Lloyd making leap to become showman receiver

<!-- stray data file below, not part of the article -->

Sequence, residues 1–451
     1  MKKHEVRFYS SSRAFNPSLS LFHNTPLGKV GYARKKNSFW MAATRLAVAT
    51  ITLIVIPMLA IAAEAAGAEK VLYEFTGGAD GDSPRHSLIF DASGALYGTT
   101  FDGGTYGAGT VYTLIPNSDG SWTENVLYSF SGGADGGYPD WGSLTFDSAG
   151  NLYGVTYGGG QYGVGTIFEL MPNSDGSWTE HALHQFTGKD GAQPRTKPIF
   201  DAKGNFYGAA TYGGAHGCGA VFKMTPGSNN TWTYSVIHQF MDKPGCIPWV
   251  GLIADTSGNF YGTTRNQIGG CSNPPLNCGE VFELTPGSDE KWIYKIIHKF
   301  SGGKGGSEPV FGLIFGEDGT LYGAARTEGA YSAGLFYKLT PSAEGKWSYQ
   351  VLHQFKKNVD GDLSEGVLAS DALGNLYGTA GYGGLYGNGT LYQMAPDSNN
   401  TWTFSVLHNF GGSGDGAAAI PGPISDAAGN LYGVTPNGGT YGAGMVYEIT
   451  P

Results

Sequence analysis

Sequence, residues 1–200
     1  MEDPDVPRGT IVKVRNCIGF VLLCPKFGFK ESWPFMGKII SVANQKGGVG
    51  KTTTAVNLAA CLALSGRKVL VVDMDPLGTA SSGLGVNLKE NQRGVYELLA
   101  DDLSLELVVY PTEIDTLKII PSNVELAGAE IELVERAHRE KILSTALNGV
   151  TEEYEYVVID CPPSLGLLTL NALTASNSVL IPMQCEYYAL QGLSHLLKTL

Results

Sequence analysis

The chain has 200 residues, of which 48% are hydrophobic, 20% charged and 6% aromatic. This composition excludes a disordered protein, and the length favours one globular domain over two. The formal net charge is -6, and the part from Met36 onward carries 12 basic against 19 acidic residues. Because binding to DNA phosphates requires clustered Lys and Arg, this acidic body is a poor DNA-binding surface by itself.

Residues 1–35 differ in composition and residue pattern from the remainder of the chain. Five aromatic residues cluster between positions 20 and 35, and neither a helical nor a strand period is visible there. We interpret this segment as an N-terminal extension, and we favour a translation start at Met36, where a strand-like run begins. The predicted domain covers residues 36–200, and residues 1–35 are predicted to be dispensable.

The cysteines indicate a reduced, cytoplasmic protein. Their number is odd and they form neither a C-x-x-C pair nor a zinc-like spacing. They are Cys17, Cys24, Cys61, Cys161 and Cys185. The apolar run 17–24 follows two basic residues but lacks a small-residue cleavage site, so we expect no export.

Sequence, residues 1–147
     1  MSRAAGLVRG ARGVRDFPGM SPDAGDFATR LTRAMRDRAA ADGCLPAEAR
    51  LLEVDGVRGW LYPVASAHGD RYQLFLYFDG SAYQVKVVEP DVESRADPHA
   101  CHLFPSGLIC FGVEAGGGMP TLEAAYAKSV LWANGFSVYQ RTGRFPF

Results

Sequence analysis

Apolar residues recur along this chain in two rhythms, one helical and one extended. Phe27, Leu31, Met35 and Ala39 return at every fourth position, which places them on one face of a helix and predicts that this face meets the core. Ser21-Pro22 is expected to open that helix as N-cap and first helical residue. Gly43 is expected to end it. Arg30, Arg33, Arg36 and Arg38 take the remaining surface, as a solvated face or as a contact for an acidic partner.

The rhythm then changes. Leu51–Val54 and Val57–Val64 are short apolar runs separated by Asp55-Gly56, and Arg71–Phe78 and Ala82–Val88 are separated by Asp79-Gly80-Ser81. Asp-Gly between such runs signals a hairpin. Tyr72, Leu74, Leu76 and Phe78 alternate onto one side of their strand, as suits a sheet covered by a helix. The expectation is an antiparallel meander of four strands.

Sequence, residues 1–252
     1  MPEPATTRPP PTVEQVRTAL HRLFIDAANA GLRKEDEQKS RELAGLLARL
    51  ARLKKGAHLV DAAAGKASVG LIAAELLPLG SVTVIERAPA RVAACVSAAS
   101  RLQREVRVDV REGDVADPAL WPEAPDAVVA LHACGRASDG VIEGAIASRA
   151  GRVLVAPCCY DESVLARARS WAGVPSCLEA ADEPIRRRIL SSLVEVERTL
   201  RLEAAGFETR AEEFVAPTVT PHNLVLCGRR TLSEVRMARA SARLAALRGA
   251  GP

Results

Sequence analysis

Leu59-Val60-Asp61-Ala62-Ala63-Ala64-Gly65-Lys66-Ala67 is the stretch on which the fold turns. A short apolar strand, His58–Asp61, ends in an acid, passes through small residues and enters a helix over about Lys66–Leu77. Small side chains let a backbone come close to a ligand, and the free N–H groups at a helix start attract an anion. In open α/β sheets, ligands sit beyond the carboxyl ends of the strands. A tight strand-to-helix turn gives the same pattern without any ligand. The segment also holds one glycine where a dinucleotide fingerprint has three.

"I visualize a lot of that stuff happening," the 49ers' acrobatic third-year receiver said. "So when it happens in a game, it's like second nature. I see myself catching the ball behind my back, between my legs, with one hand. I do that before I play the game, so if it happens, I've already done it." It's been happening. Lloyd already has made a couple of incredible one-handed catches so far during 2005, the kind that deserve a prominent place in the personal showcase of spectacular grabs he has made since arriving in the NFL as San Francisco's fourth-round draft choice in 2003. Those have started to come on a more frequent basis now that Lloyd is the top target in a still-developing San Francisco passing game and one of the few legitimate weapons the 49ers have on their embryonic offense. He makes plays with style and flair. And some of his catches truly are unique onto him and only him. There was the one that had everybody buzzing this summer when he leaped in the air and stretched a hand high in the sky to snare a hitch pass that appeared well overthrown during an exhibition game against the Denver Broncos. And then there was the one in Week 2 at Philadelphia that made the rounds on all the highlight shows, when Lloyd – running a crossing pattern across the field – reached back for a pass thrown high and behind him. With his head already turned up field, Lloyd snatched the ball with the five fingers on his right hand without even breaking stride. Lloyd has a typical reaction to the amazement those catches produce in others: Ho-hum. "It's not something that just happens on Sunday," he said. "I do it at practice all the time. To do things like that, a guy has to be bold enough to try things like that. I mean, I probably drop four or five of them in practice doing the same thing. It takes practice and work. It's not something I'm a master at by any means." It only seems that way. Along with his sensational catches, Lloyd also is making plenty of others this year that in comparison might seem routine. He finished the first quarter of San Francisco's season with 17 receptions for 326 yards, a 19.2 average per catch that ranked fourth among all NFL receivers with that many catches. Lloyd emerges from San Francisco's bye week with those same numbers after being held without a reception in last week's loss to Indianapolis, when rookie Alex Smith threw only three passes Lloyd's way in his Smith's starting debut. Two of them were intercepted. But before being shut out by the Colts, Lloyd produced back-to-back two of the best games of his career. Featured during that stretch was Lloyd's stunning 89-yard touchdown catch-and-run against Dallas, the longest play from scrimmage in the NFL so far this season. "That's the old-fashioned bombs away," said Arizona coach Dennis Green. "Brandon is emerging very quickly. He has exceptional speed, and he's got a lot of pictures up in that building that he can try to emulate. The 49ers have had some great receivers and I think that Brandon wants to be one." After catching four passes for a career-high 142 yards and two touchdowns against the Cowboys during the final weekend of September, Lloyd went out the next week and reeled in seven receptions for 102 yards against Green's Cardinals. Those were the first 100-yard games of his career. Those fine numbers seem like something of an aberration in a San Francisco passing game that ranks near the bottom of the NFL in production. "You can't magic-wand anybody," 49ers coach Mike Nolan said. "We'd love for them all (players in the 49ers' passing attack) to step up. As we all know, Brandon certainly has stepped up." Stepping up – and we're talking high up – is something Lloyd might do as well or better than anybody else in the NFL. And, while he certainly gives deference to the quality receivers that have come before him with the 49ers, Lloyd isn't exactly trying to emulate any of them, as Green suggests. He's his own man with his own receiving elegance. And the grace that distinguishes Lloyd from others is the way he can lift his body into the air and contort it while a football is in flight. "That's his deal," said Tim Rattay, who connected with Lloyd on three touchdown passes in San Francisco's first four games before Smith took over at quarterback in Week 5. "He can torque his body in a lot of different ways and make the catch. Just give him a chance at the goal line, the ball can kind of be wherever, and as long as it's high, he can jump up and move around and get it. He's a great jumper." That's no overstatement. Lloyd was a high-jump phenom in high school, becoming a state champion and prep All-American in the event. His personal-best mark of 7 feet, two inches ranked fourth in the nation in 1999. He also ranked seventh nationally with a long jump of 25-2. Lloyd stood only 5-foot-10 in those days (he's now 6-foot and 192 pounds), but it was back then that he began the visualization in one sport that would help him years later in another. "There's a mental aspect to high jumping seven feet," Lloyd said. "So I had to do a lot of visualization for that, just seeing myself do it in my mind. I learned that from high jumping in high school and college, the mental barrier of seeing the ground and then the bar at seven feet and then everything else behind it. So I just kind of transferred that over to football." There's a physical correlation there that helps separate Lloyd from other receivers around the league. "I think it's just more of the agility involved in being a high jumper," Lloyd said, "and the flexibility and being able to be fluid in my hips and being able to turn my weight and be able to keep running in one direction and being able to turn and make the catch – just that kind of stuff which you probably have seen a lot of guys can't do. But it just comes from being flexible." It also comes from being creative. Lloyd basks in his ability to make the circus catch and, while he doesn't feel that defines him as a football player, it is something he would like to refine and exploit for the enjoyment of football fans everywhere. After all, Lloyd also is a showman. But that doesn't necessarily make him a showoff. "I think just the creativity of those things is probably what makes me an attractive receiver, what people like to see," Lloyd said. "You watch (Cincinnati's) Chad Johnson play because you don't know what he's going to do next in the end zone. You watch me play because you don't know what kind of catch I'm going to do out there, what kind of play's going to happen out there." To be sure, Lloyd wants to make it memorable on a regular basis. "That's kind of one of those things," Lloyd said, "that in high school I read a quote from Michael Jordan saying that he always has to play his best every time he steps on the court because it's going to be somebody's first and last time seeing him play. So that's kind of the mentality I have in a game. Yeah, I want to do my best, but sometimes I want to do some cool stuff just for the entertainment value of it. I just enjoy doing that kind of thing." That makes Lloyd one of the most enjoyable attractions on a San Francisco offense struggling to find its stride. He's one reason to keep watching even when the 49ers are losing, because you never know what the guy might do next while plucking a football out of the sky. And, as Lloyd continues to improve his skill and technique as a receiver – something that's happening steadily the season – it's no stretch to say the best is still to come. But the next time he snares a reception that can be described as nothing short of astonishing, don't expect everybody to be impressed. For Brandon Lloyd, pass-catcher extraordinaire, there simply are no surprises left. He's already visualized every conceivable fabulous feat in his future. "I've covered it all," Lloyd said without hesitation. "I've been there." Now he eagerly anticipates opportunities to let everyone else in on the view.